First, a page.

Novartis to probe drug approval allegations

The pharmaceutical market has taken off in India, with many local firms producting generic drugs Keystone

Swiss drugmaker Novartis said on Thursday it would investigate alleged drug approval irregularities after an Indian parliamentary report found the country's regulator colluded with pharmaceutical firms to speed up approval procedures.

This content was published on May 10, 2012 minutes and agencies

"We will investigate the allegations presented in the government's report," Novartis said in a statement.

The standing Indian upper house committee on health and family welfare reviewed 39 randomly selected drugs approved by the Central Drugs Standard Control Organization (CDSCO), which oversees clinical trials and the country’s 10,000 pharmaceutical firms.

In the case of 11 drugs, including Novartis' everolimus and aliskiren, it found that "mandatory" Phase III clinical trials - the final stage of testing before a drug is approved - had not been conducted as required.

"The basic purpose of Phase III trials is to determine if there are any ethnic differences that can alter the metabolism, efficacy and safety of the drug when administered to patients of different ethnicities living in India," the report said.

Specifically, in the case of everolimus, the CDSCO relied on the judgment of non-medical staff rather than seeking the opinion of independent experts, the report said.

Novartis said it followed one global ethical standard for conducting clinical trials worldwide and stood behind the safety and efficacy of its products.

Regulator criticised

The committee’s report also criticised the regulator for approving 13 drugs that were banned in the United States, Europe and most developed countries because of side effects.  

“There is sufficient evidence on record to conclude that there is collusive nexus between drug manufacturers, some functionaries of CDSCO and some medical experts,” the report said. “Such irregular approvals spare drug producers the cost and efforts but put Indian patients at risk.”

However the report did not directly accuse the firms of wrongdoing or name any of the CDSCO officials.

Instead, the panel catalogued a series of procedural failures that it said raised questions about how some of the drugs, including those made by pharmaceutical giants, were allowed to be sold in India.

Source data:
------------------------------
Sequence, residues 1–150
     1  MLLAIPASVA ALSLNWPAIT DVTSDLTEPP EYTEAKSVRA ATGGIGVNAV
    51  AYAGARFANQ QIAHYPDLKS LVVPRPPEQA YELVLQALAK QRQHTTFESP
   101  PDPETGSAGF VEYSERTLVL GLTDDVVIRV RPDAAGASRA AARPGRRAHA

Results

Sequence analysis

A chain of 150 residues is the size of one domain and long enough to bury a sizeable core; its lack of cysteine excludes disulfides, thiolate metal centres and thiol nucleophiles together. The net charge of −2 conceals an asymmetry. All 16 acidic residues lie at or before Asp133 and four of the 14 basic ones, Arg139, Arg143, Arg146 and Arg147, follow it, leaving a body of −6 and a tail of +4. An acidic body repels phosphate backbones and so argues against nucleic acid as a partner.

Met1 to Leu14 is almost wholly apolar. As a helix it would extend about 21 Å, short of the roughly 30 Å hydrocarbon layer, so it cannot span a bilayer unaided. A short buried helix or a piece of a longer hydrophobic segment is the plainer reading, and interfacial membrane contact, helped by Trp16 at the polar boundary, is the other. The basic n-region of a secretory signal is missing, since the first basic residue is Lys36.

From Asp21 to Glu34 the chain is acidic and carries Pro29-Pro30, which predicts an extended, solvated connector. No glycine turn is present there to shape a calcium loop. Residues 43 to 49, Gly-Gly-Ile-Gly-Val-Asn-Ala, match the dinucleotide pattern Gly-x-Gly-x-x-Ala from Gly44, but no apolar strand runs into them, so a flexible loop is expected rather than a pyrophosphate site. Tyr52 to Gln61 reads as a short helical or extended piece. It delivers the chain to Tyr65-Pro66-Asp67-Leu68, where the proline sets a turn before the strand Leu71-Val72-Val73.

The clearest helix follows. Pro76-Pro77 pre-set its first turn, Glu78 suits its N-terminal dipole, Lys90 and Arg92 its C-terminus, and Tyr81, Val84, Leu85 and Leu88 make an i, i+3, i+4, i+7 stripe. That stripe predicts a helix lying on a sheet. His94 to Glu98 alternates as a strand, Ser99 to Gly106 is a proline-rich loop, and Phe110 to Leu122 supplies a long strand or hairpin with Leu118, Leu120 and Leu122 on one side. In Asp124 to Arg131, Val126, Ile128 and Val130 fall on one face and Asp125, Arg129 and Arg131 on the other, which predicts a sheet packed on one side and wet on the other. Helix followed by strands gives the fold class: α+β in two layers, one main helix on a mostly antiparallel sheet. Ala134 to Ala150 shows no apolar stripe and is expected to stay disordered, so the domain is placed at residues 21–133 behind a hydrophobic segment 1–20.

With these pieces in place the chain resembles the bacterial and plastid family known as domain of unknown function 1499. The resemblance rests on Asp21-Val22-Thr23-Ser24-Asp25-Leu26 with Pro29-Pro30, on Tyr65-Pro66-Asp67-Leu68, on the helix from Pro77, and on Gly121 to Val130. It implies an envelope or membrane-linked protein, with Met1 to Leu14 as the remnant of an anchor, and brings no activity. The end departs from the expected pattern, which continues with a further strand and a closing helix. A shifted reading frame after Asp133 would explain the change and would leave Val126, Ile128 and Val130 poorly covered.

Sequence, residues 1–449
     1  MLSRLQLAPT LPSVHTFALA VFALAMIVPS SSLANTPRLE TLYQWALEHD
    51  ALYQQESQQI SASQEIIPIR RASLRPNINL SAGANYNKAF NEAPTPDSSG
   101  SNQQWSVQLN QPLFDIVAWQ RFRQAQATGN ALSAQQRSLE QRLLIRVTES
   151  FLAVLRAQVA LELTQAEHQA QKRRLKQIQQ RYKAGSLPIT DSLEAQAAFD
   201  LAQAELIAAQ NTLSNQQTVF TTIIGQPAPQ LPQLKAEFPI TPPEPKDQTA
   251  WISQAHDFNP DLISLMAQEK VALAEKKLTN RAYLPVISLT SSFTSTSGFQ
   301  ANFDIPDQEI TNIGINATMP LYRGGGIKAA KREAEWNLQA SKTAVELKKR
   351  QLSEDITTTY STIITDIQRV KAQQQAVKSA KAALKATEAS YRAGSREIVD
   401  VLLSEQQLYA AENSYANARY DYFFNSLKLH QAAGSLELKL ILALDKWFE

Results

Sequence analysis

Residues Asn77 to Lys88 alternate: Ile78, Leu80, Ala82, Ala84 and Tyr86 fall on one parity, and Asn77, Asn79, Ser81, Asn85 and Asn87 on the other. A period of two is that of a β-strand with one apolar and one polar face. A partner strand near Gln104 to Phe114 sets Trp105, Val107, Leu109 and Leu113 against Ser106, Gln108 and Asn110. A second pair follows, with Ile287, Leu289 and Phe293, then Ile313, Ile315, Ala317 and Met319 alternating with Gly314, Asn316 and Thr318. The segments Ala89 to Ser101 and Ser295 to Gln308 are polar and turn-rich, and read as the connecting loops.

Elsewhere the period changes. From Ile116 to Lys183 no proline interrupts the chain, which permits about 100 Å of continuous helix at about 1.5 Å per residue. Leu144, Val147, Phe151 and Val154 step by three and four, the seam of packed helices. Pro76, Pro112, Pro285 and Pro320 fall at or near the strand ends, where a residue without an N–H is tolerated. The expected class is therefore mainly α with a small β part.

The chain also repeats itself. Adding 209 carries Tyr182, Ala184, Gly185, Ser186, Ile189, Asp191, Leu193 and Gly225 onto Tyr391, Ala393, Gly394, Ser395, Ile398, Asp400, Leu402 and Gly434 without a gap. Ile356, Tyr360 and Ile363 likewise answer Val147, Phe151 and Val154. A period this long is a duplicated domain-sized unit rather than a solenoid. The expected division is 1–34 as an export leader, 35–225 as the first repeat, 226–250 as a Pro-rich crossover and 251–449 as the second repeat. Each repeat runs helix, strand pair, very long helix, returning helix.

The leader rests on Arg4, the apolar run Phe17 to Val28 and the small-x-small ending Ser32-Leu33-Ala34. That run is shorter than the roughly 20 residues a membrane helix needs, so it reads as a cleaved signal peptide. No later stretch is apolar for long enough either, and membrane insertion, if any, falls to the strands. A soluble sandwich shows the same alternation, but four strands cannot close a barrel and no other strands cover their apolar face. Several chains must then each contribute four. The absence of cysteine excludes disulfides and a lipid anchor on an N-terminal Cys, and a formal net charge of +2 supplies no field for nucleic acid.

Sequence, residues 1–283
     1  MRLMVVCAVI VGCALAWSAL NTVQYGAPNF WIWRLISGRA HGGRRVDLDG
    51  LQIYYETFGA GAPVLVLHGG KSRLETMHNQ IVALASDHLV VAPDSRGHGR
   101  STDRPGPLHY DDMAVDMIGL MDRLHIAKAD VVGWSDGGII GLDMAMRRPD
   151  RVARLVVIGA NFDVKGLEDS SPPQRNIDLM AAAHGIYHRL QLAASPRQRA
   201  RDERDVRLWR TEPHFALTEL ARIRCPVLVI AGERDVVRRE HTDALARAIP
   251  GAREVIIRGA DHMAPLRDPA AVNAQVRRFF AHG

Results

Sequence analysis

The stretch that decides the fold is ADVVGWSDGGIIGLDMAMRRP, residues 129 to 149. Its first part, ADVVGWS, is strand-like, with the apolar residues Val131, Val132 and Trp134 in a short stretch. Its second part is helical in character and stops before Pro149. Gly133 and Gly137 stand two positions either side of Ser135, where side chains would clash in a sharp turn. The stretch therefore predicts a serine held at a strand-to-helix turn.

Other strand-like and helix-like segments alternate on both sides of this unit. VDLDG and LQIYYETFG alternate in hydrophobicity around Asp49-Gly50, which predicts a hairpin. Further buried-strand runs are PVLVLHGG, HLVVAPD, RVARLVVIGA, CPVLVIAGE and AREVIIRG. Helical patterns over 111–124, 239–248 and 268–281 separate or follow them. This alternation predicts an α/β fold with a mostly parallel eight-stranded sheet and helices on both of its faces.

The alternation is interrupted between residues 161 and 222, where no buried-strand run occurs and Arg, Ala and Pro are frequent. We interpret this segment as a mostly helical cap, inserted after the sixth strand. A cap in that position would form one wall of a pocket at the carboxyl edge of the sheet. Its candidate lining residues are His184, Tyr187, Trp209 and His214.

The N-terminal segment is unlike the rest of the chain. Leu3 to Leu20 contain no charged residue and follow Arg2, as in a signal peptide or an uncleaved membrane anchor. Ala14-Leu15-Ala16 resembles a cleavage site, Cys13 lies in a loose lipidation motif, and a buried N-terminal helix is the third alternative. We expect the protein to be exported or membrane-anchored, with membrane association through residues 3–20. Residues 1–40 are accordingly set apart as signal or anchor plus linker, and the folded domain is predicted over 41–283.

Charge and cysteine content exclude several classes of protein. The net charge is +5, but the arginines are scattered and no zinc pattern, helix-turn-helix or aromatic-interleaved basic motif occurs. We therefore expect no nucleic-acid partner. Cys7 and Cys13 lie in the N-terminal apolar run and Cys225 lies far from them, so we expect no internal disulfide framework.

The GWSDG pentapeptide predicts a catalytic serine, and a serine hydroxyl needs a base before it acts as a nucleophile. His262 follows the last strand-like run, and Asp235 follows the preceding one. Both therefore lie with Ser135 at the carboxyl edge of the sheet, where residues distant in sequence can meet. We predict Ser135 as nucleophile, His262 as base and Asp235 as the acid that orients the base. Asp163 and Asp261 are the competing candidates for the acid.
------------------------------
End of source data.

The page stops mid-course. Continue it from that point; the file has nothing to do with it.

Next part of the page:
The report underlines the difficult relations between international drug companies and India, a country with a long history of making cheap off-patent medicines.

Western firms were alarmed by New Delhi's decision in March to effectively end Bayer's monopoly on cancer drug Nexavar by issuing the country's first-ever compulsory license. Novartis has also been in an ongoing fight to protect its rights over its Glivec drug.

The panel recommended the government re-examine certain drugs that had been approved, investigate the "gross violation" of Indian laws it had uncovered, and take action against officials alleged to have colluded with the drug companies.

The committee’s findings did however state that the regulator suffered chronic staff shortages and was overwhelmed by its responsibilities in a country where the pharmaceutical industry was growing rapidly.

Emerging markets

The report may fuel concerns over lax supervision of the global industry in emerging markets, where Western drug manufacturers are increasingly focusing their sales effort.

The Indian pharmaceutical market is the fourth largest in the world in terms of volume, according to the Organisation of Pharmaceutical Producers of India (OPPI), the main lobby group of foreign drugmakers. It generates $12 billion in sales every year.

The market has grown 14 per cent annually for the past five years and could be worth $50 billion by 2020, according to estimates made by accountancy and services specialist Pricewaterhousecoopers.

The Glivec case

India subscribed to World Trade Organization rules on intellectual property on January 1, 2005. But the country's own patent laws deny protection to drugs that were patented before 1995 or are modifications or new forms of old medicines.


The Indian authorities have denied Novartis patent protection for the beta crystal, the active ingredient of Glivec, ruling that it is an adaptation of an existing compound. The crystal has been granted protection in 40 other countries.


Novartis says 95% of Glivec users in India get the drug free, but NGOs counter that generic versions of Glivec are one tenth of the price. They say there are 25,000 new cases of chronic myeloid leukaemia in India every year.

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